It’s the least-connected country on planet earth. Only 6% of the population has a mobile phone, and fewer than 1% has Internet access—the lowest rates in the entire world.
This country also ranks worst in the world in terms of press freedom. It does not have a stock market, and the state owns all financial institutions.
This country is Eritrea. It has been dubbed the “North Korea of Africa.”
Eritrea is also infamously distinguished for its oppressive tax system. It’s the only country in the world—other than the US—to tax its nonresident citizens on their global income. More on that here.
As someone who likes to go to countries most others wouldn’t, Eritrea stirs my curiosity.
It’s rare to find someone who has traveled to Eritrea, which is why I’m pleased to have had the chance to speak with my colleague Louis James about his recent trip there. Louis was scoping out mining companies for Casey International Speculator, the most authoritative investment publication for junior gold/silver mining companies.
You’ll find our interesting conversation below.
Until next time,
Nick Giambruno: So where is Eritrea?
Louis James: Eritrea is a little country on the east side of Africa… the northeast side along, the Red Sea. Eritrea and Ethiopia were once part of a larger country until they split. Eritrea got the coast, and Ethiopia got the rest of the land and a lot of the resources, including hydropower. Neither side is really is happy with what the other got, and there’s always a potential for conflict there. But there’s also a potential for cooperation, and that could lead to lots of interesting opportunities.
There are no direct flights to Eritrea from most other places in Africa. You fly through Europe; that’s how I connected. Eritrea was colonized by the Italians pre-World War II, and there’s still a strong Italian influence.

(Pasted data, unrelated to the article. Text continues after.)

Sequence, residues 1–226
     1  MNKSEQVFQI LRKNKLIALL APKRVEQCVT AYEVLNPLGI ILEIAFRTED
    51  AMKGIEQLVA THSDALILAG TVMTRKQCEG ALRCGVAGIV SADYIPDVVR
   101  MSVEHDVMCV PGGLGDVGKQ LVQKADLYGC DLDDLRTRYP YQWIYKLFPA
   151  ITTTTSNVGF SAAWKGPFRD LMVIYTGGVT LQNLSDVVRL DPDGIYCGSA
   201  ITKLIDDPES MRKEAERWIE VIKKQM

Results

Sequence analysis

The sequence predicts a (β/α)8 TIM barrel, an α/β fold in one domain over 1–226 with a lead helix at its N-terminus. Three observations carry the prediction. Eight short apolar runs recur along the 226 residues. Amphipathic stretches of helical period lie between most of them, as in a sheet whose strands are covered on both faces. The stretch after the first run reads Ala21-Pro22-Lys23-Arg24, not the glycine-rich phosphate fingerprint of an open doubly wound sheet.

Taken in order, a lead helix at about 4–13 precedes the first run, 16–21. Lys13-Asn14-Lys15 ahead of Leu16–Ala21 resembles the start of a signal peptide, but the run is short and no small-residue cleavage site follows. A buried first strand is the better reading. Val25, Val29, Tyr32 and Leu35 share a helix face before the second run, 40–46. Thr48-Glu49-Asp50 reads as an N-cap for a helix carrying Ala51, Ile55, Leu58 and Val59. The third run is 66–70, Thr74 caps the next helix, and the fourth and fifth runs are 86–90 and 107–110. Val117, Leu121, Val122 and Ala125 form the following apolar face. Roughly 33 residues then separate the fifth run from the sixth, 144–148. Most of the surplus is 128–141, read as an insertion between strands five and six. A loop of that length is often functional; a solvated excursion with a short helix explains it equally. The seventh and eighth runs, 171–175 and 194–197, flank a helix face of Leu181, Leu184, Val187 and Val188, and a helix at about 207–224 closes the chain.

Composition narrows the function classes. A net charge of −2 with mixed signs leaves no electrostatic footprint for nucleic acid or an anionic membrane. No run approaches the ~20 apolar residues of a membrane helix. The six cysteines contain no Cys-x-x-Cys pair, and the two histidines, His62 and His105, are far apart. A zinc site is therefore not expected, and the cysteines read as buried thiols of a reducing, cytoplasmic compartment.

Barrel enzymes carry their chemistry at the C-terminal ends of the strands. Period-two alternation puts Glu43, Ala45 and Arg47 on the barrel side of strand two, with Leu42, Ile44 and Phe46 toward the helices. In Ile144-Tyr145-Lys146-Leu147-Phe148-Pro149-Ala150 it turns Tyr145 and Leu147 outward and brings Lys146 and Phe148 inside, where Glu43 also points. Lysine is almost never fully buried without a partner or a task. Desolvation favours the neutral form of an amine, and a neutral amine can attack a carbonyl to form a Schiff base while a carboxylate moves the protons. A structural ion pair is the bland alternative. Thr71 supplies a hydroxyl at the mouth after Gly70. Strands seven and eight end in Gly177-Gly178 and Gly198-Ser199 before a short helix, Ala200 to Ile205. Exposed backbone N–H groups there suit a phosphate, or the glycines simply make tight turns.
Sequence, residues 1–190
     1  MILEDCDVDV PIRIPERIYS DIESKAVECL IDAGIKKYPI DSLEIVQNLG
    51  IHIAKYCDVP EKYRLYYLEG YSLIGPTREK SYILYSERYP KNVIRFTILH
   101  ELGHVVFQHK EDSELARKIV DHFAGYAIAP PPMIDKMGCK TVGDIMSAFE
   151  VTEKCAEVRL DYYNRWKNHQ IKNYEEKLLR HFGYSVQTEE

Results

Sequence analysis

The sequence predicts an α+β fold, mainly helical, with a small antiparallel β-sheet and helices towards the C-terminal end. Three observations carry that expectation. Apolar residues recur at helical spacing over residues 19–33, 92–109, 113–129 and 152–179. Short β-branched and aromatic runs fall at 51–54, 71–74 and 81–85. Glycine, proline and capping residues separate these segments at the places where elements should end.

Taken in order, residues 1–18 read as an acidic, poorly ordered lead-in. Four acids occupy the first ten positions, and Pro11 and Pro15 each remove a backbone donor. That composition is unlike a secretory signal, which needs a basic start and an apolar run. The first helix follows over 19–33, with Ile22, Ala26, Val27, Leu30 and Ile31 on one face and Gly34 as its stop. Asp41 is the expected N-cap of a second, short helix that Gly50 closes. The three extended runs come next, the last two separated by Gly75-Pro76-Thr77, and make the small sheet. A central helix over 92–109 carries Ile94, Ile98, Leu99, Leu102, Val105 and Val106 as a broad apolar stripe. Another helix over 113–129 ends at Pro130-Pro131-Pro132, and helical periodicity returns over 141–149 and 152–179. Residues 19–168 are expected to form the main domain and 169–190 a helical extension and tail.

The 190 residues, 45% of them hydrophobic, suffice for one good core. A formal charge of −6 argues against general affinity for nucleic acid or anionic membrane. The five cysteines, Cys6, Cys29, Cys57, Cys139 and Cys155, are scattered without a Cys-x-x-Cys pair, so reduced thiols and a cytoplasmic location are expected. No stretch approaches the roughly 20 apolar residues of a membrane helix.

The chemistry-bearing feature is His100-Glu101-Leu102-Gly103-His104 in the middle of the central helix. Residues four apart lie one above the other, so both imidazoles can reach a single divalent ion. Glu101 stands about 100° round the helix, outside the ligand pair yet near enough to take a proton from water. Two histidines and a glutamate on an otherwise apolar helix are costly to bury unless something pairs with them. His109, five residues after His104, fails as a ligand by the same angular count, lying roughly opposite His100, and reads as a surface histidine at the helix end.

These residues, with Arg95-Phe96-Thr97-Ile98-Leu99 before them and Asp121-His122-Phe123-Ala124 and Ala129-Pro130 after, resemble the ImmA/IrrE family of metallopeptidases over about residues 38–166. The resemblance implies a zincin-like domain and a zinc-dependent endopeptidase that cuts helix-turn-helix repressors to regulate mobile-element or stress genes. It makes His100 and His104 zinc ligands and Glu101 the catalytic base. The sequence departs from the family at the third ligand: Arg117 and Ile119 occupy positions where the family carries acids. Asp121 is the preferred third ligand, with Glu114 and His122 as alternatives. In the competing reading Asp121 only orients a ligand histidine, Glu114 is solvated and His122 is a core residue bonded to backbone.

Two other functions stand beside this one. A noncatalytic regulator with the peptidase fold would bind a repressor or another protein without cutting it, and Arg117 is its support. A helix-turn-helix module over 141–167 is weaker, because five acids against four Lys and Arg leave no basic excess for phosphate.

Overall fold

Nick: So what was it like there?
Louis: It is without a doubt one of the poorest places I have ever been to—and I travel quite a bit, so that’s saying something. And yet, Eritrea has a very rich mineral endowment, which is why I was there. It appears to me that the place is so close to the bottom, it has almost no place to go but up. Of course, never say never. Things can always get worse if people put their minds to it. But despite the poverty, Eritrea has mineral wealth, and I see opportunities not just in mining but of all sorts there for those with nerves of steel.
Nick: How so?
Louis: The critical thing to understand about Eritrea is its so-called “national service,” which came from an emergency decree during the war with Ethiopia and never went away. Essentially, this allows the government to conscript anybody for any job it deems fit. Originally the idea was military, of course, in support of the war effort. Today, it’s not just conscription into the army; the government appoints people to jobs at set wages throughout the whole economy. This impacts everything and everyone, as it applies to all men and women from the ages of 18 to 40. The whole workforce is largely under the command of the central government, which like so many other governments, doesn’t know what it’s doing. It’s completely dysfunctional, and people are fleeing when they can. Since this has been every bit as disastrous as you’d imagine, there are very few real jobs, prompting the system’s supporters to argue that if they end national service, no one will have any jobs.
Eritrea is the most centralized command and control economy I have ever been to, including places like Belarus, which still operates as though part of the Soviet Union.